IT Admin Tip: No More Seeing Red: How to Stop Message Failures
Have you ever seen a Red X when sending an email message from your BlackBerry® smartphone, or had a BlackBerry smartphone user complain about this? The associated error message that goes along with that Red X reads: “Desktop email program failed to submit message” or “unlisted message error.” Either of these error messages suggests you have a 'Send As' permission problem. This article helps to explain the reasons why that might happen and how to provide for smoother email sending.
Appropriate permissions are key
As you know, for corporate BlackBerry smartphone users to send an email message from their BlackBerry smartphones, the BlackBerry® Enterprise Server service accounts require the 'Send As' permission to be granted. Yet even with that permission granted, you might still encounter a 'Send As' issue. To discover why this may be happening, you first want to look at how the permissions and Microsoft® Active Directory® work together.
In order for the BlackBerry Enterprise Server to complete all its tasks, the BlackBerry Enterprise Server Administration account or BlackBerry service account must have the appropriate permissions. One of the permissions required is 'Send As' within Microsoft Active Directory. This is set at the domain level and should filter down to (or inherit to) the individual BlackBerry smartphone users.
While most of you probably know how Microsoft Active Directory inheritance works, it's helpful to review the basics to clarify the role that inheritance plays. Think of Microsoft Active Directory like a waterfall for permissions, with every drop of water (permission) starting at the source of the waterfall (domain level) flowing to the bottom (user accounts or Microsoft Active Directory containers) unless something interrupts that flow. Each BlackBerry smartphone user that does not inherit this permission will not be able to send email messages. In the screenshot below, the area marked in red is the domain level.
Now let's look at the acronyms and Microsoft Active Directory objects we should be concerned with when trying to avoid seeing that Red X.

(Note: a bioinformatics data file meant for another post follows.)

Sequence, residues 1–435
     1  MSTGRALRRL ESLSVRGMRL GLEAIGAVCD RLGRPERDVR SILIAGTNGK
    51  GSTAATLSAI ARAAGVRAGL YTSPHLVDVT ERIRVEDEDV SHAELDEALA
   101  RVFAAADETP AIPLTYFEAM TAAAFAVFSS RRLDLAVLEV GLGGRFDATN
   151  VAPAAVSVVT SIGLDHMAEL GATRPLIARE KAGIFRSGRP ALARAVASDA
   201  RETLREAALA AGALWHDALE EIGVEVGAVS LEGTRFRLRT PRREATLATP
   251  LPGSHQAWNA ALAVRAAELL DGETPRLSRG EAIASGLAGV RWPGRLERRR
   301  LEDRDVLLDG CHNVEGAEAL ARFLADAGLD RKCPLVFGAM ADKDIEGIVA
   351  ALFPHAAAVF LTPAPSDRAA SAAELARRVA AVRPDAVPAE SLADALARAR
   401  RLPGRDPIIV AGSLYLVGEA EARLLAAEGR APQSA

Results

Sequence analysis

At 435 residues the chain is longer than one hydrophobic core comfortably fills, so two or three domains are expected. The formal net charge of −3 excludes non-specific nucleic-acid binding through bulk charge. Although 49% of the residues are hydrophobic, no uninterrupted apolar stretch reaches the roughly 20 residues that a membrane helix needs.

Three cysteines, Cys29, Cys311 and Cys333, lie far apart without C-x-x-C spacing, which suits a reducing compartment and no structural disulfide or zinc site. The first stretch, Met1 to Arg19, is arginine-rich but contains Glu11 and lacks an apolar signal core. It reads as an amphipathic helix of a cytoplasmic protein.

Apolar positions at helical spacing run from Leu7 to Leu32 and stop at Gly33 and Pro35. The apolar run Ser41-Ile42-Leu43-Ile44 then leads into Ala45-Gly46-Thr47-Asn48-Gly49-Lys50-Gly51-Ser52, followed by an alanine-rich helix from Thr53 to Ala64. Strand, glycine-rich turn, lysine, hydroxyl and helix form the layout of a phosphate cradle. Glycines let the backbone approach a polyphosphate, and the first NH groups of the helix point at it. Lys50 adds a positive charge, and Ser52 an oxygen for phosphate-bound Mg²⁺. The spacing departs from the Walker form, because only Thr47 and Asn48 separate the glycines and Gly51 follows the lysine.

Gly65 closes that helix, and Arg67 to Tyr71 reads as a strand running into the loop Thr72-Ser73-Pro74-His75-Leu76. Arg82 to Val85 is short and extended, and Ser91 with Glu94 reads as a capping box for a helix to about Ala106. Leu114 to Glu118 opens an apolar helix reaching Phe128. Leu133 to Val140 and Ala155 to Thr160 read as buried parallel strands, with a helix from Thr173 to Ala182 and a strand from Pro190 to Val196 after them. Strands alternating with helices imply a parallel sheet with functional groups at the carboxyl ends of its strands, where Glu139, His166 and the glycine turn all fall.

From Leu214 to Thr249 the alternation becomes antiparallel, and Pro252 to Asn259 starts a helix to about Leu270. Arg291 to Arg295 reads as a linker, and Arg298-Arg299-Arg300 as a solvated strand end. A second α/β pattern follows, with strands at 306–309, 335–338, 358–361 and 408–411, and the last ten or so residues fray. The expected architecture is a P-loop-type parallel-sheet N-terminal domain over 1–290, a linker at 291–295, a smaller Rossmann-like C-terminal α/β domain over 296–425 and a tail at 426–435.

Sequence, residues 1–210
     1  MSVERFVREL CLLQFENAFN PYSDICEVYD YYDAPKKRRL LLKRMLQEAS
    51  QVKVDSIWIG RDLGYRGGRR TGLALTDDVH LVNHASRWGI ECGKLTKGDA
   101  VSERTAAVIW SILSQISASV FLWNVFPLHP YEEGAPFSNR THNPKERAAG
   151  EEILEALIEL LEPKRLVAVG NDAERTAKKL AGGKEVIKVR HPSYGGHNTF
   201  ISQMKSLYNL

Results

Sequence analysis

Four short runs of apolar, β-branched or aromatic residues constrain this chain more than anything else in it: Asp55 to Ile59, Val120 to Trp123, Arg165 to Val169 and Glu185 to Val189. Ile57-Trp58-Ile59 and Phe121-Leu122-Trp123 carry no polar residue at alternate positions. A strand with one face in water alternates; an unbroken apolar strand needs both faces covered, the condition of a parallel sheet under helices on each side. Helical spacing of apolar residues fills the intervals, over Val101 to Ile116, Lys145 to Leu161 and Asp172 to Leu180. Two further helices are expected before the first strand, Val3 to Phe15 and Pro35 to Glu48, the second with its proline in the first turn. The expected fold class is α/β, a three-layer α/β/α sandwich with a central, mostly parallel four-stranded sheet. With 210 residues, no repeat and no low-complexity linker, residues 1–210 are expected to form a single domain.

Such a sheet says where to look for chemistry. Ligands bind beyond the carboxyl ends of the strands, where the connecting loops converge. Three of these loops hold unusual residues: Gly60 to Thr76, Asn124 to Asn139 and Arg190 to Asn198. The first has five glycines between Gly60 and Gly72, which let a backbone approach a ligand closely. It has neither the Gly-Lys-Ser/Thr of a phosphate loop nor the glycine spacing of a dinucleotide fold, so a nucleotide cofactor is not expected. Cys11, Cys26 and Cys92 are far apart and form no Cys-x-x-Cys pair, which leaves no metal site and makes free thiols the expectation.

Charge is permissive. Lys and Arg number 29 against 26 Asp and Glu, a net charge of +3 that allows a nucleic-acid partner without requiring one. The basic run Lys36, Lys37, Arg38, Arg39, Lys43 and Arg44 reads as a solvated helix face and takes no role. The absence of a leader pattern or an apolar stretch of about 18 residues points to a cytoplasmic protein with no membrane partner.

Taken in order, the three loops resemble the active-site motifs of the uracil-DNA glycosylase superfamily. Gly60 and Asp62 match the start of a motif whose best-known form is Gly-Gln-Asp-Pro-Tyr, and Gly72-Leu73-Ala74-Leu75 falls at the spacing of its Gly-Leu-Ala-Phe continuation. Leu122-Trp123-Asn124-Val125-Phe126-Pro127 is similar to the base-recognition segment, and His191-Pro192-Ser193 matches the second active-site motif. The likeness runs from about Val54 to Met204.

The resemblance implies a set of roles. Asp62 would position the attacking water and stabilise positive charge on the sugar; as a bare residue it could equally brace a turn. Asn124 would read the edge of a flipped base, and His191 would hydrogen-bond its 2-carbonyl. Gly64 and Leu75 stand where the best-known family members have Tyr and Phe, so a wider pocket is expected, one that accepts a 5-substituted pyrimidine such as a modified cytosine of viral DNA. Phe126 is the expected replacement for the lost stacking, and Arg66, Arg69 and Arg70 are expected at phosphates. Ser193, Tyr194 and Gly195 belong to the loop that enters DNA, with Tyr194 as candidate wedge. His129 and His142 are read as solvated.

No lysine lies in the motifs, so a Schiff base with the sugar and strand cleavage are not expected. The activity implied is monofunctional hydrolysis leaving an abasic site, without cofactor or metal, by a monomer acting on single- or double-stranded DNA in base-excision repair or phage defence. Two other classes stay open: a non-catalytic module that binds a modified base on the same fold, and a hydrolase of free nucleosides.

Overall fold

The AdminSDHolder (seen in the screenshot below) is a Microsoft Active Directory container with a specific set of permissions assigned to it. AdminSDHolder exists within the System container in Microsoft Active Directory. The screenshot below shows you the permissions associated with this object when you select it.
As you can see, within Microsoft Active Directory, there are several "protected groups" with special permissions, including:
- Account Operators
- Server Operators
- Print Operators
- Backup Operators
- Domain Admins
- Schema Admins
- Enterprise Admins
- Cert Publishers
Once a BlackBerry smartphone user has been added to one of these groups, they will have the “adminCount” changed from null to 1. The “adminCount” is a Microsoft Active Directory attribute that will have a value of 0/null or 1. The following is a screenshot of this value taken with ADSIEDIT.
What does this value tell you? A process called SDProp (security descriptor propagator) runs once every hour and has two different roles which can affect permission settings. It will modify the adminCount if the BlackBerry smartphone user is a member of a protected group (changes it to 1), and it will also apply a specific set of permissions to any user object that has an adminCount of 1. If you look back to the screenshot of the AdminSDHolder, you will see that there is a very specific set of permissions and inheritance is disabled. The permissions associated with AdminSDHolder will overwrite the permissions associated with any BlackBerry smartphone user account with an adminCount of 1 every time SDProp runs.
When you set the 'Send As' permission at the domain level, the permission setting should inherit to all BlackBerry smartphone users. If the BlackBerry smartphone user is a member of any protected group, SDProp will run, inheritance will be disabled (since it is disabled on AdminSDHolder), and the BlackBerry Enterprise Server will no longer be able to send email messages to or from that BlackBerry smartphone user account. You can also run into difficulty if the container within which your BlackBerry smartphone users are located does not have inheritance enabled.
Software Support: Send as Issue